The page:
I tried to read a lot of books from the NYT bestseller list. That didn't turn out too well; some of those books, uh, suck.

  24. I'm not impressed by all of the Nobel Prize winners or all of the Pulitzer winners either.

  25. "I don't agree that the fact that most books have been rejected helps to prove your point."

    --Davin, please don't make strawpeople on my post! I never said that. I specifically kept most of my response within the context of what Scott said. I never said what you claim I said. I said to him, "you may personally consider." And he brought up the word beautiful, not me. If you don't like its use, take it up with him. lol

    I said:

    "Don't forget that even many eventually published books were not and are not accepted by the first places they're submitted to.
    So every already-published book you may personally consider a beautiful compelling read that didn't get accepted by the first successful agent the writer submitted to--those books right there would disprove your idea. I or anyone else only needs to come up with one and especially a few to disprove what you said."

    --Don't equate the first and second sentences of that paragraph. Obviously "many eventually published books" and "every already-published book you may personally consider a beautiful compelling read" are most likely not equal, and that's why I didn't equate them. I don't even know how many or what specific books he considers in those terms.

    I only meant to introduce a general idea to more easily move to a specific idea in the second sentence.

    I said: "those books right there would disprove your idea"--the ones he personally considered worthy. I did not say my first sentence in that paragraph could directly be used to disprove what Scott said. I implied that his idea was subjective, though I didn't state it.

    He could clear up some of this by listing the books he finds beautiful compelling reads and people can research their publishing history. But if they are all older books or something, before agents were around, that wouldn't help. And even if that didn't disprove what he said w.r.t. his personal taste, the general notion I think he also introduced has already been shown as untrue by others.

    I've come across a few well-known agents who've admitted to rejecting what they considered "beautifully written manuscripts"--they rejected them because they did not feel they'd sell a minimum number of copies, the content was usually too personal, wasn't easily marketable. I'm not saying anything that far out there. Others have said this before me.

  26. Reason: I was polite to you, but you responded with condescension and profanity. That wasn't nice.

  27. You're correct, Reason Reanimator. I'm sorry. But, I think I interpreted Scott's comment more accurately than you did. I think when he said, "I don't think there's a successful agent working who would turn down a beautifully written, compelling book written by a nobody" that he was referring to the agent thinking the book was beautiful, not Scott personally. Maybe I'm wrong.

  28. Davin: Yes, that's the sense I meant to convey.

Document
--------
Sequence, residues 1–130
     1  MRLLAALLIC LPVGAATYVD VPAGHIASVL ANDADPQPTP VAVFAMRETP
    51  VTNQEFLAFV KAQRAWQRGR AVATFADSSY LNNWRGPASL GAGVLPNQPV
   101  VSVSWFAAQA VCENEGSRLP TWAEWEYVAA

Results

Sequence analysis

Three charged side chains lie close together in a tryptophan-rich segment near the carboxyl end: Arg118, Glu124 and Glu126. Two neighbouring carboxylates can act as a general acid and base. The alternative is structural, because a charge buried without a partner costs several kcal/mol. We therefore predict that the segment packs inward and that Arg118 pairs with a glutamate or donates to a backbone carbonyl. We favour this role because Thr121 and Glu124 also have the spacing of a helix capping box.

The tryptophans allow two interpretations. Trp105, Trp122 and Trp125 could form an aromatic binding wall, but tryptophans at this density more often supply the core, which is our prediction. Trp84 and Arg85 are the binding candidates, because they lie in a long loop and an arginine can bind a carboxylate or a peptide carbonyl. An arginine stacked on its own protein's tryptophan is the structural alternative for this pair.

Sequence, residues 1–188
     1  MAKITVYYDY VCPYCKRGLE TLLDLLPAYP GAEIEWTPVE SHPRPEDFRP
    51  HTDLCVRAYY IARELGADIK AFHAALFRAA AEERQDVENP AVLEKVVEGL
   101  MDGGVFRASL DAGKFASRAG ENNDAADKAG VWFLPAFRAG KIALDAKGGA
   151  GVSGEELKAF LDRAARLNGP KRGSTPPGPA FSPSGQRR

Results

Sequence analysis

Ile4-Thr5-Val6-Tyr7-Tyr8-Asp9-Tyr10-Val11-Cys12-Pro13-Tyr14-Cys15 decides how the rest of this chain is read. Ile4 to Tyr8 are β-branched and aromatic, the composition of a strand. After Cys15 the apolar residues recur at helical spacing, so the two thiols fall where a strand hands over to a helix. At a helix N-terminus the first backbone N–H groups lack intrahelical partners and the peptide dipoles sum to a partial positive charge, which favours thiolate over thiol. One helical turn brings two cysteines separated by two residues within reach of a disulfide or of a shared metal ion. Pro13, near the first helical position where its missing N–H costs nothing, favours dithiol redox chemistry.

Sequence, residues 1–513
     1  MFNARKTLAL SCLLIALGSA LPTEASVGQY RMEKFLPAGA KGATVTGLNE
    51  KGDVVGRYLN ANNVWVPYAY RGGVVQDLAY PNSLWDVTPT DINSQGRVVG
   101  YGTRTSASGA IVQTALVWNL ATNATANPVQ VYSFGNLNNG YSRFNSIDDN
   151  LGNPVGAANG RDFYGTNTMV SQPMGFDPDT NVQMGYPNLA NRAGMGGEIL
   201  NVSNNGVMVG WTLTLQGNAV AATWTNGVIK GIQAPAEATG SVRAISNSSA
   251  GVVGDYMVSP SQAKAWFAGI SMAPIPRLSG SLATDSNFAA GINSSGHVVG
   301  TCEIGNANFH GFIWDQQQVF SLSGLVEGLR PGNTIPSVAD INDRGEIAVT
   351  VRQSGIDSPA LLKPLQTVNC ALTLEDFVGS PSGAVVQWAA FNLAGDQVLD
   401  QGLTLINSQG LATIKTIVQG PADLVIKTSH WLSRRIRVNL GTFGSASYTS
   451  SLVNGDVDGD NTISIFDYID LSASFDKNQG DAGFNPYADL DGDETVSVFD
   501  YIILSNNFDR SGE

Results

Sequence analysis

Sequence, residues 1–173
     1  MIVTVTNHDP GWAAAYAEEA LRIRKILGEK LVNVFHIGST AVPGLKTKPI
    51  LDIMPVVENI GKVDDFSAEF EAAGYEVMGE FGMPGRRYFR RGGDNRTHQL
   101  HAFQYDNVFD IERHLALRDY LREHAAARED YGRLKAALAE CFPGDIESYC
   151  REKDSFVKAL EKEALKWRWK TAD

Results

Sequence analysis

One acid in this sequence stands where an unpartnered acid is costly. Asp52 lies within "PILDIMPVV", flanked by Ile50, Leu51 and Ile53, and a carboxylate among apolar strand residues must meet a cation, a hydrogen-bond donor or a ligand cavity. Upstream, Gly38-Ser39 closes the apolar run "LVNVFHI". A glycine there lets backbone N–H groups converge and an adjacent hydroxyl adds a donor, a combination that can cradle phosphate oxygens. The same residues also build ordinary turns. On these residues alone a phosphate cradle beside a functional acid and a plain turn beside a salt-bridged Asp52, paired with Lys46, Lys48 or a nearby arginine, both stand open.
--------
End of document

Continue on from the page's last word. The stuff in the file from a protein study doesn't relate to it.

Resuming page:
29. "That wasn't nice"? Scott, you're going to make me tear up with your non-profanity. Not really. I know your secret of contrast. It won't work on me!

  30. I don't mean to nitpick but I see this a lot-- MFA programs being referred to as "academia." The work coming out of MFA programs may be "academic" in the derogatory sense, but academia as an institution is more scholarly in nature than what goes on in MFA programs. Academe = scholarly research. MFA programs= institutionalization of writing. There is a difference.

  31. Somehow I stumbled across this blog (procrastinating as per my usual writing routine...) and I felt compelled to comment, as someone with her MFA.

    I'm not sure about the bias out there, as I have had my fair share of rejection slips, MFA and all. I've had some successes as well though, and I'm compelled to give myself credit for those, not my degree.

    While I agree that there could be writers who come away from programs with their work transformed into some sort of institutionalized prose, I did not see that happening in my program. And I know that for myself personally, in both the MFA program and at Writer's Workshops I've attended, my focus is always to push myself against the grain.

  32. Mella, Thanks a lot for your comments! It's good to get some insight from an insider. It sounds to me like you are making some smart decisions. Going against the grain is important, and is getting a good education, at least in my opinion. (I'm better at learning from others than learning on my own.) I think you have a winning combination. As will all things, there are probably wide differences among literary journals. I'll bet some places care about an MFA while others don't.

  33. The literary expectations of the supervising professors for my Masters degree in writing did more to damage me as a writer than all the rejection slips I've ever received put together. Still, I'm glad I did it, because it looks good on the CV and, in some surreal, weird way I experienced tremendous growth as a writer simply because I refused to accept the professors' assessment of my writing talent.

    At the end of the day, I believe my Master's is going to make no difference to whether I'm published or not. The fulfillment of that dream rests on two things: writing a great book, and having a lucky break that brings that great book to the attention of an agent or publisher who is prepared to take a chance on an unknown.


Note: Only a member of this blog may post a comment.